Sorry I haven't posted in a couple of weeks, but I have been debating how to best deal with the e-mail described in this post. I have decided that this post will probably be enough of a response to the person that sent the e-mail.
I was recently contacted by an attorney that works for a major firm. This attorney (staff or associate) was clearly one who was upset by a characterization of him/her on this website. S/He felt that the use of full names accompanied by a negative review constitutes “libel.” S/He felt that I should remove the names of any Associate or Staff Attorney in the comments section of the blog because s/he felt that “dragging their names through the mud” in a public forum is wrong and could harm their reputations. This attorney goes on to threaten that further action will be taken if such “libelous” behavior continues. While asking me to do this, this attorney also stated that s/he respects the rights of everyone to express their own opinions. I would like to post the entire e-mail, however, the attorney did not give me permission to do that. If the person writes in again to give me that permission, I would be more than happy to do this so that his/her full message can be clearly heard on this blog.
I realize that libel issues have been discussed extensively on other blogs, though this will be the first time here. So please, indulge me.
My sense is that all of the comments that have been made have been opinions that are based the commenter’s experiences, and therefore not libel under most legal uses of that term. Unless I am mistaken the First Amendment protects our rights to freely express ourselves and our opinions. Opinions in and of themselves are not false or incorrect; therefore I believe that no libel has been committed. Please provide your own analyses as you see fit.
Incidentally this brings up another issue for contractors. Even if you love contracting, there is no system to complain about the job that your supervisors are doing. Your Staff Attorneys and Associates are evaluated for further work based on their production, and their relationship with the associates and partners with whom they work, not on their relationship with some of the people that they work with most extensively, the contract attorneys. What this has led to at some firms (and it can clearly be seen in NYC) is that the Associates and Staff Attorneys treat the contractors like 5 year olds or like they are nothing.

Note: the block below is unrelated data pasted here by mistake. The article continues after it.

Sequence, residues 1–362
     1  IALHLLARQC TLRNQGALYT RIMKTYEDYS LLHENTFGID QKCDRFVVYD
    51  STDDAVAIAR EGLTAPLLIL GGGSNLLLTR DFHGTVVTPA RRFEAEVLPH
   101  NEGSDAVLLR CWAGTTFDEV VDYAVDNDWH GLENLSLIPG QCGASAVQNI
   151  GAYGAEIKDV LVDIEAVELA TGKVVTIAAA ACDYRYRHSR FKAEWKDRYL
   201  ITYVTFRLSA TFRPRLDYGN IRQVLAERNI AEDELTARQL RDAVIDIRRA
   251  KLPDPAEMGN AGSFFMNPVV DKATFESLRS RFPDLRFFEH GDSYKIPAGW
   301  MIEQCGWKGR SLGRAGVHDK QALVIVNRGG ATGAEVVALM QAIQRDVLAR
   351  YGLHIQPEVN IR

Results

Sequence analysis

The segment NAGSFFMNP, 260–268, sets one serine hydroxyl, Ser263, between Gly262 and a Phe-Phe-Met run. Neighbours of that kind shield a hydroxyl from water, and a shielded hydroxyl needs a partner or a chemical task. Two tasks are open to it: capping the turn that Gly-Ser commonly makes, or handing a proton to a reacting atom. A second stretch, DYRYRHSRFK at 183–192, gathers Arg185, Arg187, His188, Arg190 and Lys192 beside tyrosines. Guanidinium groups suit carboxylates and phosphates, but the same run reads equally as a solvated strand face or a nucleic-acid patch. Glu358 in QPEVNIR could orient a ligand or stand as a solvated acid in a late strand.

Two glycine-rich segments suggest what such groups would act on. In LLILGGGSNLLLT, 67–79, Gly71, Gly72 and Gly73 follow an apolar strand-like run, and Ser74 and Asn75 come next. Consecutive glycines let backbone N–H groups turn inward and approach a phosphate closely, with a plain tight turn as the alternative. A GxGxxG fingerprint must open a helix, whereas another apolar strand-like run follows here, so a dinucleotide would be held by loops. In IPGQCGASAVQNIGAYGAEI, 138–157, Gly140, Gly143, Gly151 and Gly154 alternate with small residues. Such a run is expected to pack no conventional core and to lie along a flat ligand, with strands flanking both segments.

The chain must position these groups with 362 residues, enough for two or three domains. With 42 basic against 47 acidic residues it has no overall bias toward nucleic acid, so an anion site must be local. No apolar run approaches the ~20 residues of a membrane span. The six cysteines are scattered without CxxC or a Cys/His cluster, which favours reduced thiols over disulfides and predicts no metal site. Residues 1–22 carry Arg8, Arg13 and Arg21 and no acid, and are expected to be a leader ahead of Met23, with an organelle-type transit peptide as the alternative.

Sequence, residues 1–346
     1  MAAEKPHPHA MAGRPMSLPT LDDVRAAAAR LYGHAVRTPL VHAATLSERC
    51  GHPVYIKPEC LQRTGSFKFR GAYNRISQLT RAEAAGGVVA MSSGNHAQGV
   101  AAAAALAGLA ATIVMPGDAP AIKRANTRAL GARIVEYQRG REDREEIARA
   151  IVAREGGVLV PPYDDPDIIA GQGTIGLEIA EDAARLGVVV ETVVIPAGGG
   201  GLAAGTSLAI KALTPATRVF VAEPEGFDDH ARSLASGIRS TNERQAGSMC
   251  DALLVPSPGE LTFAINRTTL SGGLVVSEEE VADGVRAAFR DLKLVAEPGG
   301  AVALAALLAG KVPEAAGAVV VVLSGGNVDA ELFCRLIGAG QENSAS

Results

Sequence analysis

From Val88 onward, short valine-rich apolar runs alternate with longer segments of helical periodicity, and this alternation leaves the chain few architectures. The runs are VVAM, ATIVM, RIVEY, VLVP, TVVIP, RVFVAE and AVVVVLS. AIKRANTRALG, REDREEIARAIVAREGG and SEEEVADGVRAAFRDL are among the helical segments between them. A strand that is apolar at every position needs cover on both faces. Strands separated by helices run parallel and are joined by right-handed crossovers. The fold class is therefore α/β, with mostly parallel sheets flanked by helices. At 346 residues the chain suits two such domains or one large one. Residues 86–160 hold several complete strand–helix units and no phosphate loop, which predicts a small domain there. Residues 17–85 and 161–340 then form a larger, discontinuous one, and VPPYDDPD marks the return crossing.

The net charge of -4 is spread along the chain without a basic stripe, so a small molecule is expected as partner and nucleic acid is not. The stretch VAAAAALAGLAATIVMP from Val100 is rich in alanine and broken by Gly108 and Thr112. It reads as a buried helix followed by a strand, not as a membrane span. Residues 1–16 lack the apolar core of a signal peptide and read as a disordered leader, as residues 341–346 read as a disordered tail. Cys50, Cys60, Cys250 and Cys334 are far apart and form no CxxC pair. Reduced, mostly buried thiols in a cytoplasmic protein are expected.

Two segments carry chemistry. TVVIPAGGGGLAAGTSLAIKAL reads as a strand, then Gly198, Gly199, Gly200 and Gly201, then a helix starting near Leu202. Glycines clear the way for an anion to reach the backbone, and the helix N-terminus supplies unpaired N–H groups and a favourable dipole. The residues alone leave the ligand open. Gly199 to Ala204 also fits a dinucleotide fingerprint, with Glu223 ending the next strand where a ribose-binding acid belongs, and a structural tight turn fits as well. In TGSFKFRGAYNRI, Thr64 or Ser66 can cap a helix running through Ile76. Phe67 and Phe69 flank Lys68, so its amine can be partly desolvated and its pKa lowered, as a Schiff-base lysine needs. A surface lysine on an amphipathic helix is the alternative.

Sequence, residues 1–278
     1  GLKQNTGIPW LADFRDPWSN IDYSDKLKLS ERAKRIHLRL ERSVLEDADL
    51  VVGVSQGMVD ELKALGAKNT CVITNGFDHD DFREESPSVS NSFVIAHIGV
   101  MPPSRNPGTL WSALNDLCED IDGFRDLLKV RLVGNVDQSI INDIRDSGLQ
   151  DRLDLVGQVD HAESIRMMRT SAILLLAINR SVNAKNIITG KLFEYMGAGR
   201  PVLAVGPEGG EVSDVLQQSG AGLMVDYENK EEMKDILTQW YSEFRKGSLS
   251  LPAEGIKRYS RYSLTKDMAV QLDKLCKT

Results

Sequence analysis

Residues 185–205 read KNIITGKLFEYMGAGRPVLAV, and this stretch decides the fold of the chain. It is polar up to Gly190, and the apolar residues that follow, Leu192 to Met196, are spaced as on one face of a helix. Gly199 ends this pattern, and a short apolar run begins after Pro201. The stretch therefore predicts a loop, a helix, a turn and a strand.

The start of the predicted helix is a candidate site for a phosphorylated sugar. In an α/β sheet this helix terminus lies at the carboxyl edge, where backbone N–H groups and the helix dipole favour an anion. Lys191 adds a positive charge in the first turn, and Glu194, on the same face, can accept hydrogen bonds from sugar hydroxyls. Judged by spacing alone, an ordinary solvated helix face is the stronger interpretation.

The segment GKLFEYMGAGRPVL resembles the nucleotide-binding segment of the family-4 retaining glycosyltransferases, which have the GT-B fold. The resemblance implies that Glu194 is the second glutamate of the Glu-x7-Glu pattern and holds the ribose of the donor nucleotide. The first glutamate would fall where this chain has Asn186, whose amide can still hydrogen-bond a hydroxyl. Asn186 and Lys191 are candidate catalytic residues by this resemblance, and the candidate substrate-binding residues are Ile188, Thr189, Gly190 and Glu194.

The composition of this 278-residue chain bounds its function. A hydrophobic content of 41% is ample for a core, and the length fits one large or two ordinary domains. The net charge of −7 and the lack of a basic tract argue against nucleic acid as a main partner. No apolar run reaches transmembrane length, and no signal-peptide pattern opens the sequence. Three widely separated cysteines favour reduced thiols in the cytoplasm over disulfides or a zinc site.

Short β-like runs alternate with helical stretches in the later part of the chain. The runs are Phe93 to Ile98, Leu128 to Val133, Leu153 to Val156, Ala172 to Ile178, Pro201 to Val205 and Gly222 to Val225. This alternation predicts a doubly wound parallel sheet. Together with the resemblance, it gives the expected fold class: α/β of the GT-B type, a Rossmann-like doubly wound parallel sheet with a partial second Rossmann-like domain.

Many law firms have review procedures for their associates and partners, it is what helps them to determine who should move up the partnership ladder, and who they will have to let go. Any mid or upper level associate or partner can tell you that they are evaluated from both above and below, and usually by anonymous evaluations. Some firms even go so far as to solicit the opinions of paralegals, secretaries, and other administrative staff as to how an attorney is doing. Contractors, however, do not get a say in the evaluation of Staff Attorneys and Associates, and these are the people that Staff Attorneys and some younger associates spend the most time with.
So, to the Staff Attorney/Associate that wrote me this e-mail, consider comments that you do not like as informal performance evaluations from your subordinates. Yes, you will always get a few people who are disgruntled, but with some of the rules that I have put in place, I am hoping for some fairer assessments.
There are a couple of more posts that I am planning to do in the next couple of days. I will be reaching into the mailbag for some topics, and I hope to get a post up about what the Supreme Court has been doing lately (Drug and Medical Device cases) which might reduce the need for contractor work. I also hope to get another union post up soon.
Until then fellow contractors and sheep,
The Black Sheep